Greek Debt Crisis

Why a Greek Default Is a Global $360 Billion Problem That Affects Us All

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A Greek default is inevitable. Years of piling up bailout loans without a reprieve in the Greek debt crisis prove that.

But it's not just the 300 billion or so euros in Greek debt are the problem. It's the complicated spider web of cross-collateralizations and derivative trades tied to Greek debt that are the real terror.

Here's how a Greek default could be a much bigger problem than you're being lead to believe...

Broke Greece Is Sitting on an Actual Gold Mine – And Wants to Shut It Down

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The Greek debt crisis is bigger than the fate of a single gold mine, but this is a story about how political ideology often trumps common sense.

Greece should be doing everything it can to prop up its economy as it seeks to avoid a financial disaster.

But the leftist Syriza party, elected to power in January, has done everything it can to shut down a lucrative gold mine run by Canadian gold miner Eldorado Gold Corp. (NYSE: EGO).They say it's about protecting the environment.

But there's more to it than that - and it defies logic...

"Firewall" Your Profits from Greece's Fiscal Drama

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Greek Finance Minister Yanis Varoufakis has had a whirlwind schedule lately. On April 16 and 17 he attempted a last-ditch whirlwind "Washington Tour," meeting with U.S. President Obama, IMF boss Lagarde, ECB potentate Draghi, U.S. Treasury boss Lew, and even German Finance Minister Schäuble.

In search of sympathetic support, Varoufakis found little.

But the most intriguing meeting was with someone whose name most wouldn't recognize.

And the implications of that pow-wow could be the biggest clue of what's to come (including a "Grexit" or exit from the European monetary union), and how to prepare...

Get in on This Europe ETF Now to Beat Surging European Markets

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Investors shouldn't let fears over the Greek debt crisis scare them away from a promising Europe ETF play.

After all, the European markets don't seem too concerned. Just look at the events that unfolded this week.

That's why this Europe ETF play is a good way to jump in on the current investor indifference over Greece and a couple of other promising trends...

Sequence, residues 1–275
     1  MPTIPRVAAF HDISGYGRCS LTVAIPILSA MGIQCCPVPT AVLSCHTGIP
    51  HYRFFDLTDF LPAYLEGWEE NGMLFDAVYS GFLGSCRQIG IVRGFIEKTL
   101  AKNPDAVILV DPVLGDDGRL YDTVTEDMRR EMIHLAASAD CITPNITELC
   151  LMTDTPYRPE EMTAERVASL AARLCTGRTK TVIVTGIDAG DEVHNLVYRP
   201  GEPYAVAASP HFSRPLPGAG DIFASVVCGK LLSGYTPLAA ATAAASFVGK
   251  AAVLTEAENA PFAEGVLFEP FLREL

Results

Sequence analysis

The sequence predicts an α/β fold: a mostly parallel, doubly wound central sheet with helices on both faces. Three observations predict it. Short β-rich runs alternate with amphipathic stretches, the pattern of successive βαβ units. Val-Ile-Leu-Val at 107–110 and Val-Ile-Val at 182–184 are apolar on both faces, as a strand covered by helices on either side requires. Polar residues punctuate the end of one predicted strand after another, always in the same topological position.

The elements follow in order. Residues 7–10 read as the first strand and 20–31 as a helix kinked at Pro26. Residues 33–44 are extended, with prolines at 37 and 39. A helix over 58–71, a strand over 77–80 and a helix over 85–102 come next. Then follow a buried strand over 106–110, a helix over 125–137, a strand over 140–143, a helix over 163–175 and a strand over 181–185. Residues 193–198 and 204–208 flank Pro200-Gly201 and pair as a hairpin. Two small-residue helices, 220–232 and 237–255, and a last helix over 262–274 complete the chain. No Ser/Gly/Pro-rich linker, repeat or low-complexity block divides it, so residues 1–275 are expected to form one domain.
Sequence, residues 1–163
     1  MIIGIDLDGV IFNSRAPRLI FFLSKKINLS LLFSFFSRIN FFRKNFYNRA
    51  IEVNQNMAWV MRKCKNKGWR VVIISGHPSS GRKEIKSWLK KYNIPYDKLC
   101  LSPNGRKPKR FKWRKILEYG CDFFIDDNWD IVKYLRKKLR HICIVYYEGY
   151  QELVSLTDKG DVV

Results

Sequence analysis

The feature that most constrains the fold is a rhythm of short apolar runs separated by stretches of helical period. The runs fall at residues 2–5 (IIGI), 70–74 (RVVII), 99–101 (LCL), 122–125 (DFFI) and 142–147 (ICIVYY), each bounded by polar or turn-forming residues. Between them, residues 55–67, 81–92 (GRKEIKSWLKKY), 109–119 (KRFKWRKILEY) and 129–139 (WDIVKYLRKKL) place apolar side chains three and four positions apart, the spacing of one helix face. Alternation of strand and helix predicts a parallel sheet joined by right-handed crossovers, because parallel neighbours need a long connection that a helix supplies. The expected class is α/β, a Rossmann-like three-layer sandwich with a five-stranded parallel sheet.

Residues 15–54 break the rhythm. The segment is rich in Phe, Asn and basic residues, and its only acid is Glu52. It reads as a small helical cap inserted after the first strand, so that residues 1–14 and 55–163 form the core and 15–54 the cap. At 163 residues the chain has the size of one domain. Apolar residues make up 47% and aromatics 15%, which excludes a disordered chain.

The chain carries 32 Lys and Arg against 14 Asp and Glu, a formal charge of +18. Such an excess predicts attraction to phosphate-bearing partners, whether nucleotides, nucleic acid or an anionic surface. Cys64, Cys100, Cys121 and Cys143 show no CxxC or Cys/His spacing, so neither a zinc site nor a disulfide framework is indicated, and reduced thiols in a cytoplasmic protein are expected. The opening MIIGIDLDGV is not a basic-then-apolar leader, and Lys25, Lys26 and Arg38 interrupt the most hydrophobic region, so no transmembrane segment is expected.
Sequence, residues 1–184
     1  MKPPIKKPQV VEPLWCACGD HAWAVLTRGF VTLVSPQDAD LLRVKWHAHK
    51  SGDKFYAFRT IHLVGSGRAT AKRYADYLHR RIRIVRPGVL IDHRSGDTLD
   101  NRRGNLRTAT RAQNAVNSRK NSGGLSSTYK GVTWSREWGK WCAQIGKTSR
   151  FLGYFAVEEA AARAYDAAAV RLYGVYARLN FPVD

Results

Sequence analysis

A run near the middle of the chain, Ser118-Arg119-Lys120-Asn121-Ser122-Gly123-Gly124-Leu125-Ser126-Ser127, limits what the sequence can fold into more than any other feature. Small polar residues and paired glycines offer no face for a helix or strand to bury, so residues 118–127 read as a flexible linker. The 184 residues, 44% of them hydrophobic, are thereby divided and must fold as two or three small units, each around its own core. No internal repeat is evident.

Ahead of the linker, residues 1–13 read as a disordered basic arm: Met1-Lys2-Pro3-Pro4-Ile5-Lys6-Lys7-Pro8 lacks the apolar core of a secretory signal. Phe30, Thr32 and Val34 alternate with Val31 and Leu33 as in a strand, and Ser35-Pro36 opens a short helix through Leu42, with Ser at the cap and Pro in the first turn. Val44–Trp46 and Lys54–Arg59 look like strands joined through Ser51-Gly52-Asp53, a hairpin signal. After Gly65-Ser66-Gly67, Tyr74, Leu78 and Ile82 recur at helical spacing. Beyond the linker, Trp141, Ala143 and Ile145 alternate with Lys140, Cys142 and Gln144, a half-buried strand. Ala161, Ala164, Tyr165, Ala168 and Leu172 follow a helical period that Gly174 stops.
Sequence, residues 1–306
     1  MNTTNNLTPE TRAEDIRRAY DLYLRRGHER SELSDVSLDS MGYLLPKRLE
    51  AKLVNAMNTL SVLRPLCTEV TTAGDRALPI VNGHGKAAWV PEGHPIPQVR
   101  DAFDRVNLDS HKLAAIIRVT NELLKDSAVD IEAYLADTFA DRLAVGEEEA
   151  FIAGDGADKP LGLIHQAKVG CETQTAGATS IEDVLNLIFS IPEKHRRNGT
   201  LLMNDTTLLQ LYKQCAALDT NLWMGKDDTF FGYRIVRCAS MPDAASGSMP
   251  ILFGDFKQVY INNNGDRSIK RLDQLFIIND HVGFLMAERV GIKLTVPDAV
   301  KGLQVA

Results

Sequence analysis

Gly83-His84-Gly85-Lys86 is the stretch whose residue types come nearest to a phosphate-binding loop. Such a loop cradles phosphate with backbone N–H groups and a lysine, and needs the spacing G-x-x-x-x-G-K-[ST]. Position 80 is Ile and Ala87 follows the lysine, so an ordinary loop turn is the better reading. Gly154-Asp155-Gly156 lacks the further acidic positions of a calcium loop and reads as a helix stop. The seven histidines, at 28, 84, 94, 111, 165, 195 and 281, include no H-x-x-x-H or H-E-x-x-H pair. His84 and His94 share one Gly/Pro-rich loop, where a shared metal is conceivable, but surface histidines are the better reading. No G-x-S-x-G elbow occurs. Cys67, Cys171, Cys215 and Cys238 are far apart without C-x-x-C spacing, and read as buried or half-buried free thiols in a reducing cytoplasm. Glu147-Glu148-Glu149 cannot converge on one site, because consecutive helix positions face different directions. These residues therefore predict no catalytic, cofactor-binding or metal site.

European Central Bank QE Is Masking Eurozone Struggles

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The European Central Bank quantitative easing regime is officially in full swing.

European Central Bank data released last Friday indicated as much. The sovereign bond-buying program began March 9. And in just two weeks, Eurozone central banks had already purchased 26.3 billion euros. This is all while economic indicators seem to point toward a recovery.

This market optimism is all unwarranted. Here's why the Eurozone is still in trouble, and why QE won't fix anything...

How Much Does Greece Owe? 4 Charts That Put Greek Debt in Perspective

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Greece is on track to run out of money in two weeks.

Unless officials can alter its current burn rate, the Mediterranean country will hit a cash wall on April 8, according to German newspaper Frankfurter Allgemeine Sonntagszeitung.

Exactly how much does Greece owe?

The country is 323 billion euros in debt ($352.7 billion) - more than 175% of its GDP.

These four charts help to put that number into perspective...

Euro-Dollar Parity Gets Closer as Euro Sinks to 12-Year Low

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The march to euro-dollar parity continued today (Wednesday) as the currency slipped below $1.06 for the first time since 2003.

In January, our 2015 euro forecast saw euro-dollar parity happening sometime in the first half of 2016.

It's fallen 12.6% in 2015. And it's still got a ways to go...

3 Ways to Play the European Central Bank Easy Money Madness

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The European Central Bank meeting today (Thursday) stuck to the Eurozone's easy money script.

European Central Bank president Mario Draghi's commitment to super accommodative monetary policy in a sluggish Eurozone is certainly not the medicine Europe needs right now.

But it is has made some already enticing investment opportunities all the more attractive...

How Investors Should Play the Greek Debt Crisis

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Last week Greece got a four-month reprieve on its bailout plan, but the risks that nation presents to the Eurozone and global markets remain.